Using Mobile Devices While Behind the Wheel Puts Everyone at Risk of Auto Accident
Multitasking, the idea that a person can do two things at one time and do them accurately or sufficiently, is a concept central to modern living. But, despite popular opinion, for years researchers have noted that humans are not good at doing a few things at once, not even two things at once.
That fact is why safety officials are concerned that our roads are becoming less safe despite all the high-tech inventions integrated into vehicles that are supposed to make us safer. Cellphones and other mobile devices remain the greatest safety issue.
Thousands of Drivers Are Using Phones While Driving
According to the National Highway Traffic Safety Administration (NHTSA), at any given time during the day, more than 480,000 people are driving and using a cell phone at the same time. It’s hard to imagine this, but that number is an improvement from 2012 when an NHTSA survey showed approximately 660,000 people were driving and using a cell phone at the same time on a daily basis.
Because some states have established laws against using mobile devices behind the wheel, drivers sought out hands-free options, such as Bluetooth, headsets, and earbuds, believing them to be a safe alternative to active cellphone usage. In response to the trend, the National Safety Council (NSC) has firmly declared that multitasking is a myth, and it has nothing to do with individual ability, it has everything to do with the human brain.
A recent article in Psychology Today addressed multitasking, specifically focusing on driving and talking on a cell phone. As the author notes:
“The conscious experience of driving while talking on the phone is perceived as unified, fluid, and seamless, but this is a mental mirage. Rather than simultaneously attending to the conversation and the road, the brain is actually rapidly switching its attentional focus from the conversation to the road and back again.”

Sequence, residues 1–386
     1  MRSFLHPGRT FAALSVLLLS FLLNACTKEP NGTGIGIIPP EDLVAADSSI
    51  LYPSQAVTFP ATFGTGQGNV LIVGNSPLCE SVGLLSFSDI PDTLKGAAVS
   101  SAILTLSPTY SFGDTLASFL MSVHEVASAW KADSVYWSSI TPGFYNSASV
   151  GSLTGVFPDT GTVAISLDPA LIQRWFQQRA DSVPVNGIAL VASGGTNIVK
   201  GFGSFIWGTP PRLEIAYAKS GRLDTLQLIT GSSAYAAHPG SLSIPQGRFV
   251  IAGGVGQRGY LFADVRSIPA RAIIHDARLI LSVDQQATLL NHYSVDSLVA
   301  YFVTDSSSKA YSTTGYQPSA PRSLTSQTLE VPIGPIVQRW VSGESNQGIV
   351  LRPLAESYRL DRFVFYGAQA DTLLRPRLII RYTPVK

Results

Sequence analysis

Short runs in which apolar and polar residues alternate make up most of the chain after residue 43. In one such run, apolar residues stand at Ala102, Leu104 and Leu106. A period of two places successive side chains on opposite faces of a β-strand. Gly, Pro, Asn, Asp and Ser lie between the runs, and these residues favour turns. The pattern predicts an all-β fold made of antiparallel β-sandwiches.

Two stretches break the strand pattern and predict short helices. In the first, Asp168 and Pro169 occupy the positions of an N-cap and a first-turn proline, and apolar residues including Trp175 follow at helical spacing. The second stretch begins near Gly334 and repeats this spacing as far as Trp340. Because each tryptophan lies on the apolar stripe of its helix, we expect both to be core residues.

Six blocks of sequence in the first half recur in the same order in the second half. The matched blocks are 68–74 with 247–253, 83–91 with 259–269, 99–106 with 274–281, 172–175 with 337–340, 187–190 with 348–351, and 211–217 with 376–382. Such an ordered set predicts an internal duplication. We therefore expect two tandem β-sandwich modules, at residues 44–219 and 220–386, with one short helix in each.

The NSC explains this concept even further by noting that when human brains are toggling between tasks, the brain’s capacity to process moving images decreases by one-third. NSC research has also shown that when a driver is talking on a cell phone, regardless of whether it’s handheld or hands-free, that driver fails to see up to 50 percent of what is occurring outside the front windshield.
The fact that the NSC says the majority of auto accidents are caused by a distraction rather than by mechanical or external issues should convince everyone that the best way to truly make driving safe for you and others, is to put the phone down and not use it in any mode while driving.
Hands-Free Texting Now Popular, But Not Safe
Since the explosion of smartphones occurred years ago, states are now becoming more proactive when it comes to passing laws against their use while driving. Here in Colorado, drivers younger than 18-years-old are banned from driving with a hand-held device, but a stricter mobile device ban, one that would have made it illegal for all Colorado drivers to use a handheld device while driving, was voted down. For those in states where there are strict driving and texting laws, voice-activated text messaging has become more popular.
The Texas A&M Transportation Institute studied three groups of drivers — those who just drove, those who drove and texted, and those who drove and used voice-activated text, in a controlled environment — and the results were a bit surprising. According to an article on the study, the results showed that regardless of the texting method, either manually or verbally, driver response to road conditions was two times longer than those who were driving and not using a mobile device.
As the article’s author noted, “We already knew that hands-free phone conversations are just as dangerous as hands-on, and now we know the same thing about texting by voice. You shouldn’t text at all while driving.”
The bottom line here is that the NSC is on the right track when it says that despite what humans believe, multitasking safely and efficiently is difficult at best. So for everyone’s safety on the road, do not use your mobile device once you’ve gotten behind the wheel. Do not check it. Do not answer it. Do not acknowledge it until you have reached your destination.